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  • Covalent incorporation of non-chemically modified gelatin into degradable PVA-tyramine hydrogels.

Covalent incorporation of non-chemically modified gelatin into degradable PVA-tyramine hydrogels.

Biomaterials (2013-06-27)
Khoon S Lim, Marie H Alves, Laura A Poole-Warren, Penny J Martens
ABSTRACT

Development of tissue engineering solutions for biomedical applications has driven the need for integration of biological signals into synthetic materials. Approaches to achieve this typically require chemical modification of the biological molecules. Examples include chemical grafting of synthetic polymers onto protein backbones and covalent modification of proteins using crosslinkable functional groups. However, such chemical modification processes can cause protein degradation, denaturation or loss of biological activity due to side chain disruption. This study exploited the observation that native tyrosine rich proteins could be crosslinked via radical initiated bi-phenol bond formation without any chemical modification of the protein. A new, tyramine functionalised poly(vinyl alcohol) (PVA) polymer was synthesised and characterised. The tyramine modified PVA (PVA-Tyr) was fabricated into hydrogels using a visible light initiated crosslinking system. Mass loss studies showed that PVA-Tyr hydrogels were completely degraded within 19 days most likely via degradation of ester linkages in the network. Protein incorporation to form a biosynthetic hydrogel was achieved using unmodified gelatin, a protein derived from collagen and results showed that 75% of gelatin was retained in the gel post-polymerisation. Incorporation of gelatin did not alter the sol fraction, swelling ratio and degradation profile of the hydrogels, but did significantly improve the cellular interactions. Moreover, incorporation of as little as 0.01 wt% gelatin was sufficient to facilitate fibroblast adhesion onto PVA-Tyr/gelatin hydrogels. Overall, this study details the synthesis of a new functionalised PVA macromer and demonstrates that tyrosine containing proteins can be covalently incorporated into synthetic hydrogels using this innovative PVA-Tyr system. The resultant degradable biosynthetic hydrogels hold great promise as matrices for tissue engineering applications.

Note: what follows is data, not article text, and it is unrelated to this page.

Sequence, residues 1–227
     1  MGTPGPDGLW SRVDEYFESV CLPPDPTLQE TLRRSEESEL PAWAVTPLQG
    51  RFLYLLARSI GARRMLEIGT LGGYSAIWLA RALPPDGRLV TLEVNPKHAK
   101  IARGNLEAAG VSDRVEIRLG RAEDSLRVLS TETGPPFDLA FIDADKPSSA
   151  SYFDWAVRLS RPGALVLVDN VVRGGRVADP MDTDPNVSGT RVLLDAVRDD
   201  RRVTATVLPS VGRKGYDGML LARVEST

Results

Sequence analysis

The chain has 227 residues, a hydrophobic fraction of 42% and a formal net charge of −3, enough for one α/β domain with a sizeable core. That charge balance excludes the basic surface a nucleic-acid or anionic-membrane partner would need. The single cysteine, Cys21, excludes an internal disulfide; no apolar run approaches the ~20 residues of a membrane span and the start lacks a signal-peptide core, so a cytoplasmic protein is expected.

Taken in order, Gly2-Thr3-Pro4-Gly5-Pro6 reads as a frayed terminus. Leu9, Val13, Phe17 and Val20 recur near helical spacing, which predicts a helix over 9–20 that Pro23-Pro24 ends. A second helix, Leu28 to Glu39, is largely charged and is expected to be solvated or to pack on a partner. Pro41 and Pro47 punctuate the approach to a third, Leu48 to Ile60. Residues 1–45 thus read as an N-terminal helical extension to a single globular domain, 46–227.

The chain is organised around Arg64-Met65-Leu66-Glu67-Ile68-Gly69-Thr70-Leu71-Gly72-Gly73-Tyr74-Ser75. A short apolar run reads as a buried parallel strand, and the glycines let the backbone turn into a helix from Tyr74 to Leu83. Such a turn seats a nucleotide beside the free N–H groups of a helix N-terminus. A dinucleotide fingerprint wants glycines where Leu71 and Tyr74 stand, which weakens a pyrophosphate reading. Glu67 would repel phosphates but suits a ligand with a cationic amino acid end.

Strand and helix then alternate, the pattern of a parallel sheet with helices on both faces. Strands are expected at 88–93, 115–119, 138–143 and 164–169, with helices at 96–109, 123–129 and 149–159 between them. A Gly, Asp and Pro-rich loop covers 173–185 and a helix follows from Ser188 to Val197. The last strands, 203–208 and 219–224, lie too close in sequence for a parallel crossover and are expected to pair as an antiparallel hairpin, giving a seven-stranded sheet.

MATERIALS
Product Number
Brand
Product Description

Sigma-Aldrich
Mowiol® 10-98, Mw ~61,000
Sigma-Aldrich
Mowiol® 6-98, Mw ~47,000
Sigma-Aldrich
Poly(vinyl alcohol), average Mw 130,000, 99+% hydrolyzed
Sigma-Aldrich
Mowiol® 4-98, Mw ~27,000
Sigma-Aldrich
Mowiol® 8-88, Mw ~67,000
Sigma-Aldrich
Poly(vinyl alcohol), Mw 31,000-50,000, 98-99% hydrolyzed
Sigma-Aldrich
Poly(vinyl alcohol), average Mw 146,000-186,000, 87-89% hydrolyzed
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Poly(vinyl alcohol), Mw 13,000-23,000, 87-89% hydrolyzed
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Poly(vinyl alcohol), average Mw 85,000-124,000, 87-89% hydrolyzed
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Poly(vinyl alcohol), Mw 85,000-124,000, 99+% hydrolyzed
Sigma-Aldrich
Poly(vinyl alcohol), average Mw 31,000-50,000, 87-89% hydrolyzed
Sigma-Aldrich
Poly(vinyl alcohol), Mw 9,000-10,000, 80% hydrolyzed
Sigma-Aldrich
Poly(vinyl alcohol), average Mw 13,000-23,000, 98% hydrolyzed
Sigma-Aldrich
Mowiol® 20-98, Mw ~125,000
Sigma-Aldrich
Poly(vinyl alcohol), Fully hydrolyzed
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Poly(vinyl alcohol), Mw 89,000-98,000, 99+% hydrolyzed
Sigma-Aldrich
Mowiol® 4-88, Mw ~31,000
Sigma-Aldrich
Poly(vinyl alcohol), 87-90% hydrolyzed, average mol wt 30,000-70,000
Sigma-Aldrich
Poly(vinyl alcohol), Mw 146,000-186,000, 99+% hydrolyzed
Sigma-Aldrich
Mowiol® 18-88, Mw ~130,000
Sigma-Aldrich
Tyramine, ≥98.0%
Sigma-Aldrich
Mowiol® 40-88, average Mw ~205,000 g/mol
Sigma-Aldrich
Mowiol® 56-98, Mw ~195,000
Sigma-Aldrich
Mowiol® 28-99, Mw ~145,000
Sigma-Aldrich
Tyramine, 98%, FG